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Freedom from fear

Sabahan filmmaker and human rights advocate Nadira Ilana speaks to theSun about the language of ‘riot’ and the freedom of speech and expression

27 Jan 2021 / 13:30 H.

THERE is a clear sense of urgency for activism in Nadira Ilana’s work as a filmmaker and human rights advocate. She feels the need to create conversation surrounding what a Malaysian identity is, on her own terms as an East Malaysian.

In that process of exploring her identity, she produced two of her best-known documentaries, The Silent Riot (2012) and Big Stories Bongkud-Namaus (2016), while championing a better and more inclusive cultural representation of Borneo-Malaysians in the national narrative, as well as defending free speech and expression at the frontier of filmmaking.

“As a Sabahan filmmaker with Kadazan-Dusun heritage, making a film is the difference whether our native languages and customs perish. It’s fun because you get to build worlds but there’s also a need for it to be a representation that is relative to our autonomy.

“Mass media in any country is often driven by the status quo, that often have had histories of oppressing others but we’re finding now that globally, the conversation is switching to elevate minority voices in a bid for parity. What I strive to do is to present those who would otherwise not get a chance to be seen, a chance at reclaiming their dignity.

“It’s a race to preserve my cultural heritage, and films are an important way to say, ‘Hello, I exist’.”

Nadira did a year of residency in Ranau, Sabah for Big Stories Bongkud-Namaus. – PICTURE COURTESY OF MAHIRA KHAIRIA
Nadira did a year of residency in Ranau, Sabah for Big Stories Bongkud-Namaus. – PICTURE COURTESY OF MAHIRA KHAIRIA

Since you first started in the industry, how do you see East Malaysian films being perceived?

When I first started out, people would ask: ‘Why do you keep talking about Sabah? Why can’t you talk about Malaysia?’ It was because at the time, the national narrative was almost exclusively Peninsular-centric.

At first, people in the Peninsular didn’t really know how to respond to my films, which were set in Sabah, because many were not exposed to East Malaysia. We contribute immensely to the nation’s economy, so it does feel unnatural that we have to fight for that space.

I learned that there are right and wrong ways to tell stories, that inclusivity has a process and that requires listening, trust and respect. While the industry in KL still struggles at times to relinquish that control, independent platforms such as the Freedom Film Fest, Pesta Filem Kita and BMW Shorties have been incredibly supportive of Borneo stories and I trust that initiatives like these will pave the way for a more inclusive Malaysia.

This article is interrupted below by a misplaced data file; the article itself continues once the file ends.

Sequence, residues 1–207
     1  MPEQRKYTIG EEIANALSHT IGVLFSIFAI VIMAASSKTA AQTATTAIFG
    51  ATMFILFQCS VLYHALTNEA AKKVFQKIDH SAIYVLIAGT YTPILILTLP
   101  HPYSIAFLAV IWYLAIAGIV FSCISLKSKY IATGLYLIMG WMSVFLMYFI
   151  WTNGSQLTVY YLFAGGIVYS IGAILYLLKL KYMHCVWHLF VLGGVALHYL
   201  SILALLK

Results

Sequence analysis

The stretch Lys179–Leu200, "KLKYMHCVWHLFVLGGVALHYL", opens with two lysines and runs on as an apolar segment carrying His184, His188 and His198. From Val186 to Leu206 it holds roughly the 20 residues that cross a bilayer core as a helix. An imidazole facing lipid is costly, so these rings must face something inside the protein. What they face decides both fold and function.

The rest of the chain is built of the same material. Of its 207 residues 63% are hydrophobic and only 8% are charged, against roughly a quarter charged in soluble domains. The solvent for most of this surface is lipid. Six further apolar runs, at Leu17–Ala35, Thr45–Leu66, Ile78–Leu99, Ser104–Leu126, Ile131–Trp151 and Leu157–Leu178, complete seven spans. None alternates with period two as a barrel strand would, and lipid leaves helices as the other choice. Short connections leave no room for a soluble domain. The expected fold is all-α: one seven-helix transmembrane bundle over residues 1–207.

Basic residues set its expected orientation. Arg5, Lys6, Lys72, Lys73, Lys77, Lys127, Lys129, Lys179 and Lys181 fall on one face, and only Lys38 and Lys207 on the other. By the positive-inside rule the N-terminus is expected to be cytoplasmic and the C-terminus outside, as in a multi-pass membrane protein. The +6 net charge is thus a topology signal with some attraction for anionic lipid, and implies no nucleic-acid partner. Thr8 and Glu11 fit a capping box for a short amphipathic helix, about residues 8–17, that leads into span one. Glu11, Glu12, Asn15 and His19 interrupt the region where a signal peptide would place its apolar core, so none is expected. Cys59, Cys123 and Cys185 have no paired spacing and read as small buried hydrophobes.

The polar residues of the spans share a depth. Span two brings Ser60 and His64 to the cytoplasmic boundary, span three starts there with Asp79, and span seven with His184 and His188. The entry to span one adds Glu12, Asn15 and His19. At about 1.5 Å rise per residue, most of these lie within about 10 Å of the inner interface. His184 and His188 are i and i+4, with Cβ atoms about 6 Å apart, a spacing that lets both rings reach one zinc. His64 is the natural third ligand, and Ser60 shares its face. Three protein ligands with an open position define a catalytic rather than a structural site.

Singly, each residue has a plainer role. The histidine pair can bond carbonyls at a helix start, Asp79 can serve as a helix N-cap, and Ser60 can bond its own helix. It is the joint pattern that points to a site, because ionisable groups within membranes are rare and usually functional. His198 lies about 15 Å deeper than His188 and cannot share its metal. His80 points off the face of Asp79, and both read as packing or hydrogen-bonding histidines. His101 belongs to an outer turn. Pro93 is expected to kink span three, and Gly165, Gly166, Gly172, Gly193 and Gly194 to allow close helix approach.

One day soon, I hope that the industry at large will, too.

Storytelling is a blend of fact and fiction. Is it necessary to embellish the truth, be it factual truth, psychological truth or emotional truth, in order to write and film a good story?

I don’t know about the ‘truth’ because they’re just perspectives at the end of the day. You have to trust that by being honest with yourself, someone out there might find it relatable. It’s about finding that genuine connection with your audiences.

The criminalisation of dissent brought by the act of protest and activism is interesting. What is your understanding of freedom of speech and expression?

Protest in all its forms is integral to a functioning democracy. To be an activist means to defend our freedom and the freedom of others. People like these are often called disrupters, but who are our nation’s founding fathers if not disrupters themselves?

You mentioned in previous interviews that censorship is not doing the Malaysian film industry any good. What do you think of the future of film and filmmaking in Malaysia?

If art is a mirror to our society, then censorship is a mirror to our administration. As filmmakers and artists, we are inspired by the beauty and realities of this country but we are not given the respect when expression winds up being a guessing game of what the government wants us to say.

The recent censorship of Malaysian filmmaker Chong Keat Aun’s Story of Southern Islet and the response to Namewee’s films are disheartening. Banning films during a pandemic and when cinemas are shut only adds salt to our wounds.

Censorship is redundant, considering we have the internet and streaming platforms. The purpose of cinema is to broaden our minds so whatever measures we have for films should be towards developing a mature, thinking society. Cinema has a much larger capacity to unite people than it does to divide.

It is known that many international artistes won’t perform in Malaysia anymore, fearing cancellation of their concerts. In the process of maintaining a certain image of Malaysia through censorship, we have wound up hurting our creative economy and making our country look bad.

$!Big Stories Bongkud-Namaus’ film premiere in Ranau in 2016. – PICTURE COURTESY OF JEREMIAH SEBASTIAN
Big Stories Bongkud-Namaus’ film premiere in Ranau in 2016. – PICTURE COURTESY OF JEREMIAH SEBASTIAN

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